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Friday, April 28, 2006

Digest of Brontë News

The forcast for today is wierdness with 10% chance of irrelevancy.

The Guardian has a review of Shanghai Nights by Juan Marsé:

Susana is a capricious girl who spends her time painting her fingernails and indulging in wild cinematic fantasies in which Scheherazade and Quasimodo appear in Wuthering Heights.


Here's a book most of us should be able to sympathise with: A Dead Language by Peter Rushforth.

Its heroine, Alice Pinkerton, is the spinster daughter of wealthy suburban New Yorkers. She reads, as Dickens once said, for life; and her obsession with books (with the Brontës and Shakespeare and Edgar Allan Poe and Tennyson, and so on) comes across, publicly, as a kind of madness, for which her small-minded neighbours hold her up as a curious exhibit.

More news on Emily Brontë the race horse.

Retiring judge Terry Hallenbeck is working through his alphabetised reading list, but somehow missed A... for Anne Brontë.

Lastly, we are told to keep teens occupied this summer by getting them writing:

So, get creative and dream up different ways of engaging that bright spark-propose e-mail, pen-pals, composing a thoughtful letter to Aunt Dorothy for the gift of Jane Eyre last Christmas; maybe even a letter to the editor of the local newspaper about some burning issue dear to your teenager's heart, such as why teens should be allowed to return home at all hours of the night and early morning.

Oh, yes, this will work. M. Heger put Emily to the same task, and the result is not very stimulating (she had to write several fictional letters). I can't imagine she found it enjoyable either. Some of the other advice is sound, though!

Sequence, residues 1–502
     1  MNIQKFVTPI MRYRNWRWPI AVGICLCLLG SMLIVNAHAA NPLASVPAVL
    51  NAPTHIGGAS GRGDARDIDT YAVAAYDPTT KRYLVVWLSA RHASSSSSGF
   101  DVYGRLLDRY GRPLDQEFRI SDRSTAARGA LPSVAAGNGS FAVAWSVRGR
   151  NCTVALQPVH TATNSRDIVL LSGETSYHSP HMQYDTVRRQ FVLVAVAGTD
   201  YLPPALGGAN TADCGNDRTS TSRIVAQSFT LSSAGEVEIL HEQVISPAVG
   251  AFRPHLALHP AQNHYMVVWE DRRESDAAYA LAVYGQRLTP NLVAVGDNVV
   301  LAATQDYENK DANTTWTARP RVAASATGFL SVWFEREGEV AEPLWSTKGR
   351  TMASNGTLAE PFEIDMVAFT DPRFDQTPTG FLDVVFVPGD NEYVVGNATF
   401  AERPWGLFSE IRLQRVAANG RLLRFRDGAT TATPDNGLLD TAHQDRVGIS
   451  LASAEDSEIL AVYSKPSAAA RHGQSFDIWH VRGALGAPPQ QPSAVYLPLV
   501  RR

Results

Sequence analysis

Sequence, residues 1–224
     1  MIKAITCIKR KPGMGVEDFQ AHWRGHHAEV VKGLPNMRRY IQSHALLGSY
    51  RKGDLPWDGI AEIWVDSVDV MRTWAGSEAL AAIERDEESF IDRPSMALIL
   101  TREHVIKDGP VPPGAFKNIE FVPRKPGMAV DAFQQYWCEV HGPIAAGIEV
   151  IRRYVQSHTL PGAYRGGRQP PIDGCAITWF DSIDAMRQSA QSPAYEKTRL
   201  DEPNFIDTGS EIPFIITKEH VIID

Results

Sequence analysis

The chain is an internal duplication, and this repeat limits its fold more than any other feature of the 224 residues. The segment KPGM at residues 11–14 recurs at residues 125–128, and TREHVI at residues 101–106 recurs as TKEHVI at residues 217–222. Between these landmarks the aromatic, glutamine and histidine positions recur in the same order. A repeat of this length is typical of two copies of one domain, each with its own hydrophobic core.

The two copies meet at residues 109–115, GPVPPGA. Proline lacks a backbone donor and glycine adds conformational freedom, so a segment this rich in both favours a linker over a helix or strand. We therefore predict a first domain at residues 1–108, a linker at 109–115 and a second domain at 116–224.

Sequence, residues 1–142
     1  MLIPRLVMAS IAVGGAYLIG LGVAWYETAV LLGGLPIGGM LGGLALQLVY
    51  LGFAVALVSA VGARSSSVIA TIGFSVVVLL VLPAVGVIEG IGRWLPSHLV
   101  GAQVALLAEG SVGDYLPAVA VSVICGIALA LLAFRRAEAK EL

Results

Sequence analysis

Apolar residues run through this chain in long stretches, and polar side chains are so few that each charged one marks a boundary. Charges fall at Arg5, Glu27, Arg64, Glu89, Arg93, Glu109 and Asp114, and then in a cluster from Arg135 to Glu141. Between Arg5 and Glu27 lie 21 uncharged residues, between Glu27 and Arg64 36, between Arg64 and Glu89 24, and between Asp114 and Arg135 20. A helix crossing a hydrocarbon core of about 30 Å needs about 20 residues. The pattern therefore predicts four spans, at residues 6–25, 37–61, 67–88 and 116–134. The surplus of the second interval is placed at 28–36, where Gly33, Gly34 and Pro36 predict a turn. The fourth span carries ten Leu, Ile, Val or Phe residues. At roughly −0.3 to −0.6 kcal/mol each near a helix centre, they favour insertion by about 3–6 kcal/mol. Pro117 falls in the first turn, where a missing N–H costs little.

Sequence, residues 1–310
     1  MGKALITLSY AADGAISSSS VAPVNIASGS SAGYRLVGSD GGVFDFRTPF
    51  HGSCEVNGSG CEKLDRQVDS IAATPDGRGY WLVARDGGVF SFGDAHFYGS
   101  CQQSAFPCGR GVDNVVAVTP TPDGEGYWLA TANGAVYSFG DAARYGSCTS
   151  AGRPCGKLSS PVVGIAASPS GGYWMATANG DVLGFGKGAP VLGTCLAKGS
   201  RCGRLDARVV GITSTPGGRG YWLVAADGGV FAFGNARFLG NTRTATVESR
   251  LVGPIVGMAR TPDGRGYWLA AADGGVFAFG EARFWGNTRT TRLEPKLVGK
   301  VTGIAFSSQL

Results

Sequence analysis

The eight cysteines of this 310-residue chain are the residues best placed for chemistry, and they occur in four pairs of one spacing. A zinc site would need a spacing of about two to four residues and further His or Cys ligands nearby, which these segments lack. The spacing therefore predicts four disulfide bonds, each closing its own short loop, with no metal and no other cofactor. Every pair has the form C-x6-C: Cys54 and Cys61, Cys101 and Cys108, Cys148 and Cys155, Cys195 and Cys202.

mysticgypsy said...

I always wonder as to why most people usually get Jane Eyre as a gift instead of purchasing it themselves. Is it merely the lack of interest in reading English Classics, or other factors?

I haven't come across many teens who picked up the book off the shelf of a bookstore or library on their own and then were smitten.

Brontëana said...

I really cannot tell. I don't know many people who have read Jane Eyre at all. Although a friend of mine who did read it because of the comic book I made of the novel told me that she had resisted reading it because she thought that it would be boring.

After taking these publishing courses, I might say cover design might have something to do with this. If you knew nothing about the book but just saw "Jane Eyre" and an unattactive Victorian woman sitting in a chair (which is what they usually have on the covers nowadays), you would probably not want to read this book. While the designs reflect the book in some sense, I think they totally miss the spirit of the book. I would like to see some work commissioned...

mysticgypsy said...

hmm I think book covers could play a part in people getting "attracted" to the book enough to read it.

However, I think one must look beyond the surface and unearth the goodness within (after all, isn't that what Jane Eyre advocates for as well?)

Even if the cover has an unsightly woman, that still shouldn't turn people away from seeing what is beneath...

Brontëana said...

I agree that in an ideal world that would be the case but not in ours. The cover needs to intrigue a person enough to get them to pick up the book and take a better look at it. But really, the whole cover is often full of lies... Which is why I hated writing backcover copy so much!

Sorry, I have only recently been liberated from the publishing side of the book world ;) It is vile, vile!

Re: Jane Eyre, I would like to see some work which is done by a fine artist who can show in Jane that there's something more behind her eyes- That would be intriguing enough, and closer to the spirit of the novel. Jane doesn't just sit around on chairs! She's quite active, and stirring. Actually, I have some covers to post shortly. They are odd because of how overly dramatic they seem to be.

mysticgypsy said...

They should show more of Bertha! ;)
(or would that be giving away too much?)

I think if they made a cover of Jane feeding on the (horrid) porridge, that would be not only raw but also shows the tempestous nature of the novel.

my 2 cents.

Brontëana said...

Maybe the Red Room would be a good choice!

mysticgypsy said...

I agree!:)
Incidentally I was writing about the Red Room for a paper right this moment ;)